Behavioral changes, bipolar disorder, depression, mania, psychiatric event, schizophrenia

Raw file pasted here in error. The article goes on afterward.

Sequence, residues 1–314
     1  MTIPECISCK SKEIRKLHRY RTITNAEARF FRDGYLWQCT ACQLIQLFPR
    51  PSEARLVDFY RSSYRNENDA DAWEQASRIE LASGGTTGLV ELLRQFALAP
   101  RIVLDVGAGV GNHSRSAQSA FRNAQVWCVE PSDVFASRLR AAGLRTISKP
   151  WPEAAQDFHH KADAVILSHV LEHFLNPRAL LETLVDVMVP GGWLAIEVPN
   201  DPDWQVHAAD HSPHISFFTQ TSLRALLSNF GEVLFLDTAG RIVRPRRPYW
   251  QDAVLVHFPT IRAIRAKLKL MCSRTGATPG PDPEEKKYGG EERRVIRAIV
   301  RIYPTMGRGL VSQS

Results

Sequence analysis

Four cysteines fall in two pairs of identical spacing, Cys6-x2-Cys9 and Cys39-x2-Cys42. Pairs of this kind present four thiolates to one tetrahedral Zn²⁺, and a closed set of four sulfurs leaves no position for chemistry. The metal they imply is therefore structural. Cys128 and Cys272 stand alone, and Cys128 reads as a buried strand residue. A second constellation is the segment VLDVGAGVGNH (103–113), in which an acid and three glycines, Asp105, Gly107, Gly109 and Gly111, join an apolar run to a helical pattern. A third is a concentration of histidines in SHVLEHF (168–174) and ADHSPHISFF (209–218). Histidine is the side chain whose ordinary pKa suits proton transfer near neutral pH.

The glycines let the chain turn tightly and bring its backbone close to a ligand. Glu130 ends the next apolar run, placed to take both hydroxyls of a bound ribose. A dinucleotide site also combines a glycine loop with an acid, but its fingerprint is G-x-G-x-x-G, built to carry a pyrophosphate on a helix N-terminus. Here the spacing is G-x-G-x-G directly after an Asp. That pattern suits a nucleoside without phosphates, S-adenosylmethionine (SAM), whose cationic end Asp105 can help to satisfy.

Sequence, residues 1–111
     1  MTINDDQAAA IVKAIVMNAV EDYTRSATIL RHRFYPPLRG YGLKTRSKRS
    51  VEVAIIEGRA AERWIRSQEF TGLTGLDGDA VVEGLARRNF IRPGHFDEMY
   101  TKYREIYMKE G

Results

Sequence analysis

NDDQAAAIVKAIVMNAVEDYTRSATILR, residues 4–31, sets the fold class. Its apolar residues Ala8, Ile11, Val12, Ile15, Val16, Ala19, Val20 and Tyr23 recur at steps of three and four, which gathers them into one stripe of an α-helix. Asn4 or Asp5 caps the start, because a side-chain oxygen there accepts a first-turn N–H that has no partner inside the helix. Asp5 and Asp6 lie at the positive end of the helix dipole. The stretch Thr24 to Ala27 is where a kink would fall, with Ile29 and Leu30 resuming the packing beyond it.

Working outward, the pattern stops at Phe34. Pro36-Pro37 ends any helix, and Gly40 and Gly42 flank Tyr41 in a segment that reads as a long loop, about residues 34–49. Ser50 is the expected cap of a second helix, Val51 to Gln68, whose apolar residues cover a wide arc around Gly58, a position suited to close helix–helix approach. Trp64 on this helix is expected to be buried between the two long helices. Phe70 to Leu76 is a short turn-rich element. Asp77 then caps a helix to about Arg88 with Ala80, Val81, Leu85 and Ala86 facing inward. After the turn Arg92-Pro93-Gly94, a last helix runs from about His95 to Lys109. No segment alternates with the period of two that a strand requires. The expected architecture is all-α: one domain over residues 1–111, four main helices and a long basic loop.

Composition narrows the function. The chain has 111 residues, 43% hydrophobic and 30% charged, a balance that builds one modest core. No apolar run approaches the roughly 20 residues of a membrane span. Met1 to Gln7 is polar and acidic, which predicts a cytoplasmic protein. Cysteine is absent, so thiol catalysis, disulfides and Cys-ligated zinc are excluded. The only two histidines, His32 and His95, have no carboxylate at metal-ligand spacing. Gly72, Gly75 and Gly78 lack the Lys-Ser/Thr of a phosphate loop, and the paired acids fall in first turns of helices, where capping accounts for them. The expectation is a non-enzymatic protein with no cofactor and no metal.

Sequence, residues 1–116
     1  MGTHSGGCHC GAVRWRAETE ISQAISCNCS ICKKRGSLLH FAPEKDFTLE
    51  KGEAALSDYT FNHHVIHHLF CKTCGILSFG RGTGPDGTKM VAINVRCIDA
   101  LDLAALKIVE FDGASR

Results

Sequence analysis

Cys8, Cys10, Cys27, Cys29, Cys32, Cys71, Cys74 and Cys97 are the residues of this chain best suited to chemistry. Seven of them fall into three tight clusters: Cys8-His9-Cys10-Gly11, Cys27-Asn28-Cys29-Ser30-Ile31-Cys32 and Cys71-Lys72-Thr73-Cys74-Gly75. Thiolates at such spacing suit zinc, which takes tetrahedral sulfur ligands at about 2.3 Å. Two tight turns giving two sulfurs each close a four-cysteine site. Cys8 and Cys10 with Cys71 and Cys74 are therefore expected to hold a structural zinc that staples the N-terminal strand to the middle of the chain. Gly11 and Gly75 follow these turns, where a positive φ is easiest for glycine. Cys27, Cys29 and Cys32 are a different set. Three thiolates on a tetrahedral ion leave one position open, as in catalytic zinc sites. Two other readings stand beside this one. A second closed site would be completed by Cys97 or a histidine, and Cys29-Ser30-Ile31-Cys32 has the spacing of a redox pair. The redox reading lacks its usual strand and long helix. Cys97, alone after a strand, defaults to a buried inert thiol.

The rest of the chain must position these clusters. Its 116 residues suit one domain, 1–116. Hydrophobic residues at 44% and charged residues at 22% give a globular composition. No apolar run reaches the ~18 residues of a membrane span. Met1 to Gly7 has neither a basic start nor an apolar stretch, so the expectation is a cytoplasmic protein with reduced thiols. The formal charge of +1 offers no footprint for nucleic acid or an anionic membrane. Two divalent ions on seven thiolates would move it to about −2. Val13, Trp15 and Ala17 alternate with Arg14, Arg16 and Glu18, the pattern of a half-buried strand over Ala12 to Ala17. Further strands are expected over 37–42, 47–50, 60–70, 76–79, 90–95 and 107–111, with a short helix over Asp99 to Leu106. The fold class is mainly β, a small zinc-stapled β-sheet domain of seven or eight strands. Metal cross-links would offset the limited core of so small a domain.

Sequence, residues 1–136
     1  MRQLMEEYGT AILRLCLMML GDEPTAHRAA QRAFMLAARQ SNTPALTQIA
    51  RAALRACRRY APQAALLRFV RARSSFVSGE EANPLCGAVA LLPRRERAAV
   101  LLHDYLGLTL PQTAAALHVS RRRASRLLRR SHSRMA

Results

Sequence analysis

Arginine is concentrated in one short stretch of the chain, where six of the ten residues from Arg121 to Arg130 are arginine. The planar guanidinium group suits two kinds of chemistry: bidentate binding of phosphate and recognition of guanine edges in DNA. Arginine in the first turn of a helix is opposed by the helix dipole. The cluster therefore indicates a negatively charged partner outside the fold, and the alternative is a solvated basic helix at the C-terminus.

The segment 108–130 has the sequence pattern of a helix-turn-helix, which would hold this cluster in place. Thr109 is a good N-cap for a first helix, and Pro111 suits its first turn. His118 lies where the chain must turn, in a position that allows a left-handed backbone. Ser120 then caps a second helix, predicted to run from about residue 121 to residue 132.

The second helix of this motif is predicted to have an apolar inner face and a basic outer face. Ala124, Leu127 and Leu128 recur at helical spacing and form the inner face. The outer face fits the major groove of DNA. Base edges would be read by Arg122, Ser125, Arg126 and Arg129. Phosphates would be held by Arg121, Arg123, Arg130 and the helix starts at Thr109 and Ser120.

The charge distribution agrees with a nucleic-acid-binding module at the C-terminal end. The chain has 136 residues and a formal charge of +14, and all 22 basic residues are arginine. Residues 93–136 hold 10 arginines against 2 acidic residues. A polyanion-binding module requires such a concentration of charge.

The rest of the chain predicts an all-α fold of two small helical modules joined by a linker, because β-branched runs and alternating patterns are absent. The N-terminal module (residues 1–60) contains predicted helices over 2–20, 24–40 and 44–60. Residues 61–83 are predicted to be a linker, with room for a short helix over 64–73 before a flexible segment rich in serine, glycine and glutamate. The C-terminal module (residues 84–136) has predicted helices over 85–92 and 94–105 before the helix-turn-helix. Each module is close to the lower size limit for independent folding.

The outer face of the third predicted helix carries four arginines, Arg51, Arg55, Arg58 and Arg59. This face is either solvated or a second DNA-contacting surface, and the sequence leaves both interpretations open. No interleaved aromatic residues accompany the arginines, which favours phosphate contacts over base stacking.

Serious neuropsychiatric adverse events have been reported in patients taking bupropion for various indications. Patients should be observed for a potential psychiatric event or worsening of pre-existing psychiatric illness (e.g., schizophrenia, depression, bipolar disorder) during treatment with bupropion; naltrexone. Antidepressants have been associated with the development of mania or hypomania in susceptible individuals, such as those with bipolar disorder or who have risk factors for bipolar disorder. Patients should be adequately screened for bipolar disorder and risk factors for bipolar disorder before initiating bupropion; naltrexone. No activation of mania or hypomania was reported in the clinical trials evaluating the effects of bupropion; naltrexone in obese patients; however, patients receiving other antidepressants or with a history of bipolar disorder or recent hospitalization because of psychiatric illness were excluded from the bupropion; naltrexone clinical weight loss trials. Postmarketing reports during use of bupropion products have included mood or behavioral changes (including depression and mania), psychosis, hallucinations, paranoia, delusions, homicidal ideation, aggression, hostility, agitation, anxiety, panic, suicidal ideation, suicide attempt, and completed suicide in patients with and without a psychiatric history. Advise patients and caregivers that the patient should stop taking bupropion; naltrexone and contact a healthcare provider immediately if agitation, depressed mood, suicidal ideation, suicidal behavior, or other behavioral changes that are not typical for the patient are observed. Depression, suicide, attempted suicide, and suicidal ideation has been reported during postmarketing use of naltrexone in the treatment of opioid dependence, although no causal relationship has been observed.[57922] According to the American Association of Clinical Endocrinologists and American College of Endocrinology (AACE/ACE) Obesity Clinical Practice Guidelines, there are insufficient safety data on the use of bupropion; naltrexone in obese patients with depression or other mood disorders. Use with caution and avoid bupropion; naltrexone in adolescents and young adults and those patients taking medication for depression. All patients undergoing weight loss therapy should be monitored for mood disorders, depression, and suicidal ideation. Evidence assessing safety and efficacy of weight loss medications in patients with a psychotic disorder (e.g., schizophrenia) is insufficient, and use of bupropion; naltrexone should be avoided. The AACE/ACE Obesity Clinical Guidelines suggest that patients receiving an antipsychotic be treated with structured lifestyle modifications to promote weight loss and weight gain prevention; metformin may be beneficial for modest weight loss and metabolic improvements in patients receiving an antipsychotic.[62881]